INDUSTRY INSIGHTS: How to Create Momentum With Your Film Project

By Stacey Parks, founder of Film Specific

I was sitting in my home office at the end of 2012 lamenting how 'slow' everything was going with my projects and I decided to stop complaining and create my own momentum. I've said it before and I'll say it again – momentum is everything!

So I hopped a plane to Europe and scheduled meetings with people for the first week they were back at work from the holidays. And you know what – it turned out to be the perfect time because I could hit them before any distractions sunk in and the calendars filled up. When I look at the year calendar ahead it's funny because between Sundance then Berlin then Cannes then Toronto then AFM and everything in between, there's actually very few 'windows' to get anyone's attention. Scary!

And for those of you like me trying to get mid-range budget films into production this year, it's almost impossible to beat the clock if you don't already have your bankable cast and director locked as you'd have to grab a sales agents attention by end of Feb (after Berlin) to start getting someone on board to launch pre-sales at Cannes for a fall production. Yikes! (although if you're going lower budget films and/or financing with private equity instead of pre-sales, then you have more flexibility and control of your schedule)

With that said, I thought I'd share some of the insights I learned this week from my trip in hopes that it will inspire all of you now at the beginning of the year to get your projects moving forward and create momentum. So here's some random thoughts in no particular order...

• Always meet UP – on this trip I really stretched myself and went after meetings with other producers, companies, and execs several steps up from where I'm at with my own career. And the thing is that I had NO problems getting these meetings and getting them to take me seriously for that matter. Something I've always preached is 'presentation is everything' and I stand by that. It's all about how you present yourself and your projects that will get you in the door every time. And by the way, I found in meeting with these folks that they were some of the most productive meetings I've ever had hands down. Score!

• Always cast UP – OK I know I always talk about packaging your film with bankable cast and all that, but when you're trying for market-based financing think of this – you really can't cast big enough. I was meeting with a distributor for one of my projects in development and they literally said 'we are on board for the whole thing if you go and get X, Y, or Z for the lead role and A,B, or C for the director'. I should mention that I got in the door with this distributor based on the fact that I have a solid A-lister attached for one of the lead roles. So while it's liberating to know that all I have to do attach a certain list of actors/director to my project to close the funding, I wouldn't have even gotten their attention if I didn't already have a key A-lister attached.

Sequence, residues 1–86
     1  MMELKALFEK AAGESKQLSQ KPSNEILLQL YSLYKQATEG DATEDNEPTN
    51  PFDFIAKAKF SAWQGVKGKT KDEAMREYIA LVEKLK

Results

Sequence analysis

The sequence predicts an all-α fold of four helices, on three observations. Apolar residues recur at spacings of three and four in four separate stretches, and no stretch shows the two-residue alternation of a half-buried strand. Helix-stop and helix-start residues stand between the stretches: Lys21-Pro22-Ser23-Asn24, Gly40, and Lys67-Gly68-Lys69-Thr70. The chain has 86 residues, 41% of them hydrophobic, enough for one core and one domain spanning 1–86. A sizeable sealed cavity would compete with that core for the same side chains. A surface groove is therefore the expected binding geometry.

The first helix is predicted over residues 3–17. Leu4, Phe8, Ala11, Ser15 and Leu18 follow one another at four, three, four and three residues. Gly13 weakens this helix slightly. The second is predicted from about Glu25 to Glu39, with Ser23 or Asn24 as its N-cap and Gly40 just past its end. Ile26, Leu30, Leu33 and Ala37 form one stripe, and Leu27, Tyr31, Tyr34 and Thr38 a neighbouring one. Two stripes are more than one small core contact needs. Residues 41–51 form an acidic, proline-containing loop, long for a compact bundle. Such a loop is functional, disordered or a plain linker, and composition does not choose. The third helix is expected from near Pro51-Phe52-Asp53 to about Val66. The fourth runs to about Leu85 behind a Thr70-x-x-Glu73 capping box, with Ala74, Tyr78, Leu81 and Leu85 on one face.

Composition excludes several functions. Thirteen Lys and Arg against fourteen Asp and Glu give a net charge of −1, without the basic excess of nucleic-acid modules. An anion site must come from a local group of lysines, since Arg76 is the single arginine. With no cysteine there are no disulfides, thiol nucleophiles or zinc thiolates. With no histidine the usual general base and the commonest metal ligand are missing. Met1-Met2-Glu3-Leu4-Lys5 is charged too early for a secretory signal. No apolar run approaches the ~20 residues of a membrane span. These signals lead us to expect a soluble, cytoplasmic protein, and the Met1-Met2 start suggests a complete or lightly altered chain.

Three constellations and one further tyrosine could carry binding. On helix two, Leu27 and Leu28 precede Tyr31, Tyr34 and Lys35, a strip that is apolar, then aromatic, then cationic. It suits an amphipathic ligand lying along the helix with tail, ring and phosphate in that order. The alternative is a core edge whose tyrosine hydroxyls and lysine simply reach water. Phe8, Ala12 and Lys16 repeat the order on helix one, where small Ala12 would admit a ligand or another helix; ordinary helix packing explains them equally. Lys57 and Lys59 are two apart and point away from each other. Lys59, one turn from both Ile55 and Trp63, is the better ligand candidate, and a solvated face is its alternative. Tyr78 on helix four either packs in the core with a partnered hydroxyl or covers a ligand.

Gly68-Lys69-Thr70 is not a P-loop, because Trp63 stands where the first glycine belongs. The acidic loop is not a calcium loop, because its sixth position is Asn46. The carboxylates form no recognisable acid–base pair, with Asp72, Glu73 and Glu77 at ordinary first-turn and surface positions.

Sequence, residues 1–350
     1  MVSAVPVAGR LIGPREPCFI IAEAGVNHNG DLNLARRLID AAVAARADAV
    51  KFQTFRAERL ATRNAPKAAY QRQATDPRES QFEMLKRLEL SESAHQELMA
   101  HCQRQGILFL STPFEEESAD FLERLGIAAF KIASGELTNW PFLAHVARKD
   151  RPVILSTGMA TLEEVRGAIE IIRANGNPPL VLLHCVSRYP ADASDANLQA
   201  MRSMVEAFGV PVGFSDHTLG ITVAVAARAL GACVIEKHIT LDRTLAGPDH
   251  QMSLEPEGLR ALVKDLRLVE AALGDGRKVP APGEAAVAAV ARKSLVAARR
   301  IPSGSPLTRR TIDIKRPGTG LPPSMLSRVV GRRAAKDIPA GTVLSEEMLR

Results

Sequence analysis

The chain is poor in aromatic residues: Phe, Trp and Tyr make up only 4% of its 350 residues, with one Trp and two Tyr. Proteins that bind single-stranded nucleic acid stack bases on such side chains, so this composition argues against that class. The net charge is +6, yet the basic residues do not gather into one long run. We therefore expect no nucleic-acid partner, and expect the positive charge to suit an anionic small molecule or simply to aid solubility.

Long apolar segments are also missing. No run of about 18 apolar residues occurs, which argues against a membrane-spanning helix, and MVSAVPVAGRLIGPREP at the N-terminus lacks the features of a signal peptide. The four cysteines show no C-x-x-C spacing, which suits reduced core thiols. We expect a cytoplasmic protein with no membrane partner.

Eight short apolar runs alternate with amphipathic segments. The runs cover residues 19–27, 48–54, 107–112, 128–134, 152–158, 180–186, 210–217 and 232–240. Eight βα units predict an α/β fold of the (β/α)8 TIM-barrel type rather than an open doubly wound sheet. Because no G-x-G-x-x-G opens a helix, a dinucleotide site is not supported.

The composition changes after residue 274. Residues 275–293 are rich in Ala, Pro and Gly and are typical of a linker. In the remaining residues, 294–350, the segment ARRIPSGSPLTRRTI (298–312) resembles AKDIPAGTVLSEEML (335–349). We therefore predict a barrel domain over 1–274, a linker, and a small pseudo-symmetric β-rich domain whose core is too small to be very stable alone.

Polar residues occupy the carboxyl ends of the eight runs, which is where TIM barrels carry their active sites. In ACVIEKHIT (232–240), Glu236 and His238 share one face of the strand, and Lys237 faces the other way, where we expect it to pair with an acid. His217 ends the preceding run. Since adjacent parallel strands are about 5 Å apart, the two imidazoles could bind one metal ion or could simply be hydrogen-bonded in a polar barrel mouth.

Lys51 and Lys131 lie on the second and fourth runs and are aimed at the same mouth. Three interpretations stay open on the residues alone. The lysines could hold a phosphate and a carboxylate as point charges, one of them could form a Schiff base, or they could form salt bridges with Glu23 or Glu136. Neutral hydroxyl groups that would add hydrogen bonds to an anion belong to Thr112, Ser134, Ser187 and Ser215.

• One meeting is worth a thousand emails – OK I know I preach this till I'm blue in the face but seriously…. every single person I met with said to me that what a difference it makes to meet in person and they were truly impressed I came so far just to sit in front of them and discuss business. One agent even flat out told me that now that he had a sense of me and who I am, he's willing to give my project more attention. And of course he is because otherwise I'm just another email in his inbox, right? What can I say – I'm old fashioned and I like to do business in person whenever possible. And it's also my training because when I was a sales agent we used to make sales trips outside of the market circuit (in between Cannes and AFM for example) to places like Japan, Korea, Germany (and other big territories) and meet with people in their offices and conduct real business. Undoubtably these trips are where I made the most sales because I went out of my way to make it easy for them to do business with me.

• Concepts are still king – I met with a few sales and production companies this time who are looking for marketable concepts that they can develop from the early stages and almost make them 'ready-made' for the market. People talk about 'elevated genre' projects meaning not your standard straight-to-DVD horror, action, and thriller pieces. So as a Producer if you can get your hands on something like that, know there's a huge global demand for it. As a producer myself, I'm always on the hunt for elevated genre pics that can be made for mid-range budgets. Get to work! 

• No financing, no problem! – once again, not once did anyone have any issue with the fact that none of my films have financing in place. Like I mentioned above, presentation is everything so maybe the fact that I'm a former sales agent (and I let people know that) means they assume I will be able to get my films financed. Hey, whatever works. The point is, find your own unique selling proposition as a producer and make sure you're presenting yourself and your project the right away to get your prospects to take you seriously.